Native Village
Youth and Education news
Volume 1  March, 2011

Métis livid about proposed status system
Read the entire article: http://www.cbc.ca/canada/manitoba/story/2011/02/04/mb-metis-mad-status-standards-association-manitoba.html
Condensed by Native Village

Manitoba: David Chartrand is president of the Manitoba Metis Federation. Chartrand is fighting the Canadian government's plan of determining who gets Metis status -- and who doesn't.

"There's some big things at stake here," Chartrand said. "All of a sudden we'll have a dismantling of all the work we've done for the last 23 years."

Currently, each province has a different set of rules.  Now Indian and Northern Affairs Canada wants the Canadian Standards Association to create a unified system for determining Métis status. The CSA is best known for approving products like light bulbs and microwaves.

Metis leaders are furious that an organization which oversees household items could also approve Metis status. 

A branch of INAC -- the Office of the Federal Interlocutor for Métis and Non-Status Indians -- will pay $50,000 - $100,000 for a study entitled “Development of a Verification Strategy for Métis Identification Systems."  The notice, which can be viewed here: http://www.merx.com states:
 

"there is a need to develop a common standardized approach for assessing the quality and integrity of membership systems employed by the five affiliate organizations [Métis Nation of Alberta Association, Métis Nation of British Columbia, Manitoba Métis Federation, Métis Nation of Ontario and Métis Nation – Saskatchewan]

"This would be a platform for ensuring that the systems and processes can be subject to objective verification. A major objective of this exercise is to identify a set of conditions, metrics and means of verifying those systems to a level which ensures a degree of confidence in those systems."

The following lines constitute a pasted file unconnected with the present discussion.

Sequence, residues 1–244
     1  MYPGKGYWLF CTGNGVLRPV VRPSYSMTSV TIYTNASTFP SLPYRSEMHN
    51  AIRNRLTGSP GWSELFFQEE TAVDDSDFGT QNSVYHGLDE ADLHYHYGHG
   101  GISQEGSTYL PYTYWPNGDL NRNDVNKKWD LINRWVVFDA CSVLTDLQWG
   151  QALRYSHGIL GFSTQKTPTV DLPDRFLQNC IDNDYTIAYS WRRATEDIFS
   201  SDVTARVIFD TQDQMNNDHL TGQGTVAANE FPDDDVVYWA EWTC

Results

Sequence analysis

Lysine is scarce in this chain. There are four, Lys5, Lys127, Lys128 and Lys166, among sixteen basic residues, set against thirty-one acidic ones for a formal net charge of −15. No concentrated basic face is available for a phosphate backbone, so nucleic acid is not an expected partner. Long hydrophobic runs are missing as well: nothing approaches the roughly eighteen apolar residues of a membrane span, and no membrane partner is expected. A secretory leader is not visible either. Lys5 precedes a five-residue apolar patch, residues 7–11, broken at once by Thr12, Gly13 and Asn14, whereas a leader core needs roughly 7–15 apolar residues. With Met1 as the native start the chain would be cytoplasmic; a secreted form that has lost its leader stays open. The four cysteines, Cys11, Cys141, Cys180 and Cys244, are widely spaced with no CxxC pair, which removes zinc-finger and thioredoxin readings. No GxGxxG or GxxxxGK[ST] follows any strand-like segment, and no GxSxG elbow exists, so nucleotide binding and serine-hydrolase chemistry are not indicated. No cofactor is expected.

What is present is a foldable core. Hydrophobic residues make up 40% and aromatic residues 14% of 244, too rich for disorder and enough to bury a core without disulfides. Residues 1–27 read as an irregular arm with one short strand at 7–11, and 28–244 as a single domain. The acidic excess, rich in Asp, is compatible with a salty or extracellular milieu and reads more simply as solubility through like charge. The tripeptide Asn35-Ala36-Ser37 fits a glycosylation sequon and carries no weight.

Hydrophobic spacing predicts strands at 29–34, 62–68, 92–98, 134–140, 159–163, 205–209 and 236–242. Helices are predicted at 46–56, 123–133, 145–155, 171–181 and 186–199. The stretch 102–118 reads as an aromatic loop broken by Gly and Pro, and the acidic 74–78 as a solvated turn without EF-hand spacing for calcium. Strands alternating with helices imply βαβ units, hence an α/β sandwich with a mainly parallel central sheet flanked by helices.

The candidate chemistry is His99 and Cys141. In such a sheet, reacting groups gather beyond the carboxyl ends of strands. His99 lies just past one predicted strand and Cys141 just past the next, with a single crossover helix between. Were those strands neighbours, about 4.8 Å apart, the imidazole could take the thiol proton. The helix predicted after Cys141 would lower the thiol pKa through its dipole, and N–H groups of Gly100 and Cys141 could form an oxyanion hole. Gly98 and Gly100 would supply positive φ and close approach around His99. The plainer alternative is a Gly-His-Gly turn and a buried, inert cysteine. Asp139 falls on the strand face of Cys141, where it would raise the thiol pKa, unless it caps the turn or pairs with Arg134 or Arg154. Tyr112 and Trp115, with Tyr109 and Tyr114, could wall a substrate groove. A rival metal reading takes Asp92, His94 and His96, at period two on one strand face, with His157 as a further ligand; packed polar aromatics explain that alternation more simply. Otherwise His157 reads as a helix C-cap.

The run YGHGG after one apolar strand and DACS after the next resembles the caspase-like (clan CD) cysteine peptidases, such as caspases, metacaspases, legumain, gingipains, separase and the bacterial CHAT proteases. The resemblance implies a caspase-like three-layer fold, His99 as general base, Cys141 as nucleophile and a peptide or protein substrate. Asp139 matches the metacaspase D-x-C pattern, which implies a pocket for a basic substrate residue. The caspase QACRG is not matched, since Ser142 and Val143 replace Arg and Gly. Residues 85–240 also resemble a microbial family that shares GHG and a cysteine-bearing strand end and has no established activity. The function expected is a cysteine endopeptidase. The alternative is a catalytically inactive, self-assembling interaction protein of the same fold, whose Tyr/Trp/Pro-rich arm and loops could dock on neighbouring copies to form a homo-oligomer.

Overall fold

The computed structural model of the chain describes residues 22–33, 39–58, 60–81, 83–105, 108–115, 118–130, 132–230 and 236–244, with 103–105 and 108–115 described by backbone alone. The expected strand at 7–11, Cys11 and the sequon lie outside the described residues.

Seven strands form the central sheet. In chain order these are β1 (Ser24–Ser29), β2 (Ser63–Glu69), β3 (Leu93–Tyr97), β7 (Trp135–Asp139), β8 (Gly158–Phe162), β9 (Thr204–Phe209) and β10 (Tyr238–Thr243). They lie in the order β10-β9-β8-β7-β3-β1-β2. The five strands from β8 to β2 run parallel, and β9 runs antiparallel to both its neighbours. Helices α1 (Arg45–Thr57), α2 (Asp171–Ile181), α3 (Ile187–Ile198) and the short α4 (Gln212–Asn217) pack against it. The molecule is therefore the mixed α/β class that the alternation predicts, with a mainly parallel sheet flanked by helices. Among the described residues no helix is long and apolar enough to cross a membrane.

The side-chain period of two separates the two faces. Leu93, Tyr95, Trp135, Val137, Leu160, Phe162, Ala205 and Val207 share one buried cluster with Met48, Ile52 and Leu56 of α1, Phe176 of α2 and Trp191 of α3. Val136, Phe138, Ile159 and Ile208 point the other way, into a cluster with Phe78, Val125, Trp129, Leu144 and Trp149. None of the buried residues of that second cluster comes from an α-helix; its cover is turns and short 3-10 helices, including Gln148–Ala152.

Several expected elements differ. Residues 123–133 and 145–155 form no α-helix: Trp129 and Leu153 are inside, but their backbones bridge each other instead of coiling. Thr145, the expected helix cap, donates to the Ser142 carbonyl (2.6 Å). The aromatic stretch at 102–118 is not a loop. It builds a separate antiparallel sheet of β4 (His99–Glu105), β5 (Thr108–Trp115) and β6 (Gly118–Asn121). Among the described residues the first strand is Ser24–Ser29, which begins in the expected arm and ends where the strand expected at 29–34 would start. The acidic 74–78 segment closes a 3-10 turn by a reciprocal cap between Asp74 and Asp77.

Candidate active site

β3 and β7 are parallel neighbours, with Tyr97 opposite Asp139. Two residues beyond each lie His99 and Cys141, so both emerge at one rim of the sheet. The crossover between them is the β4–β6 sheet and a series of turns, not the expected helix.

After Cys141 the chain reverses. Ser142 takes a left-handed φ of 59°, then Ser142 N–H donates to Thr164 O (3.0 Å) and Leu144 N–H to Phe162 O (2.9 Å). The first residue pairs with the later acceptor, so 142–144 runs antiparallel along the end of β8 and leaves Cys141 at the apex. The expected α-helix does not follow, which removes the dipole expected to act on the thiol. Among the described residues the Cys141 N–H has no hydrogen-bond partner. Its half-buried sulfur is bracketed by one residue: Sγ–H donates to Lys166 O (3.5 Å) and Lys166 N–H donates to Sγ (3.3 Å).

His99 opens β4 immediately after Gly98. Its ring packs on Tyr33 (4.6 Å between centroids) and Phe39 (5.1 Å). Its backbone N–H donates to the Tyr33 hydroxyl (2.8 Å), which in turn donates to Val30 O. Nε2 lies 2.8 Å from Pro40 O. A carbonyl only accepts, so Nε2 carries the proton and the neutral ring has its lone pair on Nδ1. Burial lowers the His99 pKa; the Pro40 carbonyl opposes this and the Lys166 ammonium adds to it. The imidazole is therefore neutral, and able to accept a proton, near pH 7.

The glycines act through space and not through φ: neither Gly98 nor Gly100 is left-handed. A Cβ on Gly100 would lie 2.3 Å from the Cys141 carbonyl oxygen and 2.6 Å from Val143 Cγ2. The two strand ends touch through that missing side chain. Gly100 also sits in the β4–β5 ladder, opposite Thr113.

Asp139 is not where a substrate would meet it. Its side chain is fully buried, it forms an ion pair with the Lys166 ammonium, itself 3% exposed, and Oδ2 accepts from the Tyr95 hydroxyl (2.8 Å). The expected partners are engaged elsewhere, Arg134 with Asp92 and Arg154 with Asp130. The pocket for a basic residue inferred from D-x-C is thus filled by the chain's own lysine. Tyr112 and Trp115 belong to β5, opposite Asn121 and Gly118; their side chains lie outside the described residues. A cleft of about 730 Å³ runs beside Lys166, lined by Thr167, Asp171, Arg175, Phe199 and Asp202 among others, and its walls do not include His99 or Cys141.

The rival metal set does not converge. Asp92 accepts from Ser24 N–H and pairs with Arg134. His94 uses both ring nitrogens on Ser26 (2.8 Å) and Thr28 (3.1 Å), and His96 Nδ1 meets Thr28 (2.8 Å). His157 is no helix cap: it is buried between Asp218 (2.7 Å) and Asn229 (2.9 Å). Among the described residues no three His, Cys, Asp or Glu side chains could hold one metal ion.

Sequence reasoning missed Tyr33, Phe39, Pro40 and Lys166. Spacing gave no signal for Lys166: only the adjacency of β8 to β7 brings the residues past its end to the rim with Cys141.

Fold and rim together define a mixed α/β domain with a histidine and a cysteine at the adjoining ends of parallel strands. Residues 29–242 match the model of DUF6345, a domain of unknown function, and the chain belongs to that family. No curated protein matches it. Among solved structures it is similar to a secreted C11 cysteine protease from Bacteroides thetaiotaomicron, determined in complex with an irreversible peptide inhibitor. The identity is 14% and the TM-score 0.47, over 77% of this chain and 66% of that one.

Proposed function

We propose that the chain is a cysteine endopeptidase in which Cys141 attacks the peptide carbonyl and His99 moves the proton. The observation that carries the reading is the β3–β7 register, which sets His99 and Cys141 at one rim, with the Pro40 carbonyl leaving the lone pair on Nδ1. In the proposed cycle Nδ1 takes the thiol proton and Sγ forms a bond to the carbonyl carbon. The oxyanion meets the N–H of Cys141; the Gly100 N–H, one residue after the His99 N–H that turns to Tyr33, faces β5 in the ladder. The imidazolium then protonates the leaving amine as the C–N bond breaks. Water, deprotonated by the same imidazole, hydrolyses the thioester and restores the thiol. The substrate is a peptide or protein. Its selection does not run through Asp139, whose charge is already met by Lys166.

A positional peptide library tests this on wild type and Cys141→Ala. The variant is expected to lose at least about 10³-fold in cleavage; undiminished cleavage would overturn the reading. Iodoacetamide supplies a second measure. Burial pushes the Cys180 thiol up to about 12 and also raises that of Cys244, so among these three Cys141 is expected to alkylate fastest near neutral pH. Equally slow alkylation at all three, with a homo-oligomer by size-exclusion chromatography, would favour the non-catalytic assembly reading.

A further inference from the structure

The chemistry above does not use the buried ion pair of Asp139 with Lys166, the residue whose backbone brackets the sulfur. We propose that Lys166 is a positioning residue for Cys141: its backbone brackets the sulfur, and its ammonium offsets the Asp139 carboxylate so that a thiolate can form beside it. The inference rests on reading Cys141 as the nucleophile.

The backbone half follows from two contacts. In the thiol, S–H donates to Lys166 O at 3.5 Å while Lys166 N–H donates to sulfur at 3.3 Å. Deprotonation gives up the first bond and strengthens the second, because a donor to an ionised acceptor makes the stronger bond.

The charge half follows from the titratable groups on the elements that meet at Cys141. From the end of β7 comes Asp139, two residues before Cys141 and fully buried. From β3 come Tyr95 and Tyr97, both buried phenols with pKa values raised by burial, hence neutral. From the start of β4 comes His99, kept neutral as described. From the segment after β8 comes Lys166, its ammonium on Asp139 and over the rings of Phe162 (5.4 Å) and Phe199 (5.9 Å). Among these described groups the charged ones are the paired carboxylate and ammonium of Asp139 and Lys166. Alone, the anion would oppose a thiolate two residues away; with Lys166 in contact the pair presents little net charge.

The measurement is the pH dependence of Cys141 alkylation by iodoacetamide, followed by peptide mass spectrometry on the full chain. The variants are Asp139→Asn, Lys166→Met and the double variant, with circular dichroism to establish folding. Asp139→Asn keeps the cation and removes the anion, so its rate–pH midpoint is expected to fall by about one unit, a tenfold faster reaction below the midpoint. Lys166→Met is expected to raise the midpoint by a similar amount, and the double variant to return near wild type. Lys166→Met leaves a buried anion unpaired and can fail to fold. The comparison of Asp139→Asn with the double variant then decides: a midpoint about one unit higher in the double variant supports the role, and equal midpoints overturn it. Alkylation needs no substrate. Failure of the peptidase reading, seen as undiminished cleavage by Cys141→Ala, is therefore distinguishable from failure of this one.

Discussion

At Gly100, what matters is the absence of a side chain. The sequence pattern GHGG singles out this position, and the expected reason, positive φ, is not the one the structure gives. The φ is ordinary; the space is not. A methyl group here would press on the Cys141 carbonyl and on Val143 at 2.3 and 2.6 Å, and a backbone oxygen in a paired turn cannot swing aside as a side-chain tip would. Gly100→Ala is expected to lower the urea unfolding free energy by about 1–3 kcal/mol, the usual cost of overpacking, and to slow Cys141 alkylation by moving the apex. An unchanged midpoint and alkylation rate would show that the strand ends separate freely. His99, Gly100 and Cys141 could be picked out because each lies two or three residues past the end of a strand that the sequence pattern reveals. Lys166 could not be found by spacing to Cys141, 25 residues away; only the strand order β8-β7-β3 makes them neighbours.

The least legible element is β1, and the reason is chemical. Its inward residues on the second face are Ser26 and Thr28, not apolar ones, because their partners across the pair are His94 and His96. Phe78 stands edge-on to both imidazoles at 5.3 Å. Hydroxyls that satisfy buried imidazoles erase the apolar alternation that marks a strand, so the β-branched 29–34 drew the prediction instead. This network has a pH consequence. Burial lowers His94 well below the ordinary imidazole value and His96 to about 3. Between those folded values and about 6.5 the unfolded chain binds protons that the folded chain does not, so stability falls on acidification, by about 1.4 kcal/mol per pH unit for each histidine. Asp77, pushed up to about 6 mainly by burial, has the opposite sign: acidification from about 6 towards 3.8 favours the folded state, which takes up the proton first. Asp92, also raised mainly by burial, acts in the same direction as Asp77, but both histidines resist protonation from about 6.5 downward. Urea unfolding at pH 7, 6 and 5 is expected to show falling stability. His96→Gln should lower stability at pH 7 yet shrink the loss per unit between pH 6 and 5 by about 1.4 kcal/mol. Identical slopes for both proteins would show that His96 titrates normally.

If CSA waters-down the criteria of "who is Metis," it would be a huge set-back for decades of progress made by today's members. The change would affect their progress of being recognized as a distinct group of people, developing tribal governance, creating economic opportunities, and sharing in the prosperity of the country.

According to INAC's website,  291,000 people in Canada identified themselves as Métis in the 2001 Census.

Officials from the INAC say they are open to hearing Chartrand's concern.

 

 Volume 1
On Day Dedicated to Native Americans, A Move to Honor Hopi Tribe's Code Talkers
New Office to Serve as Advocates for Tribal Veterans 
Metis Livid About Proposed Status System
Saying NO to $1 Billion Dollars
New Images of Remote Brazil Tribe
Amazonian Indians More Advanced Than We Knew
Australia's Aborigines to Launch Political Party
Irish Travellers to Shed Light on Indigenous Research

Volume 2
Berenstain Bears to Speak Lakota
Students Tell Saanich Myths Through Computer Animation  
Children's Book Exhibit Depicts Native Path to Diabetes Prevention
Mentoring Program Coming to Kodiak
100% Knights to Create Career Pathways for Aboriginal Students
Arizona Culinary School Recruits American Indians, Now Available for Federal Financial Aid
Book Lets Great Lakes American Indians Tell Their Own Story
Volume 3
UN Declares 2011 the "International Year of Forests"
Think the Super Bowl Battle was Big? Fight Over Conservation Funding Looms Larger
Limit Set for Native Polar Bear Hunters Under International Treaty
White House: Tribes Fare Well in 2012 Budget
Ziebach County South Dakota: America's Poorest County
Top 5 Obama Regulations that American Businesses Hate Most
The Top 11 Corporate Cash Hoarders
Volume 4
Donna Karan Collaborates With an Indigenous Artist as Part of "Nomad Two Worlds" Art Exhibit
Alligator Wrestling and the Men Who Do It
Custer Flag to Be Sold by DIA
Museums Work to Credit the Individuals Behind Native American Artwork
All My Relations Gallery Showcase for Native Art
Grammy Winner Helps Locals Build, Understand Flutes
German TV Crew Films Program About Nokota Horses

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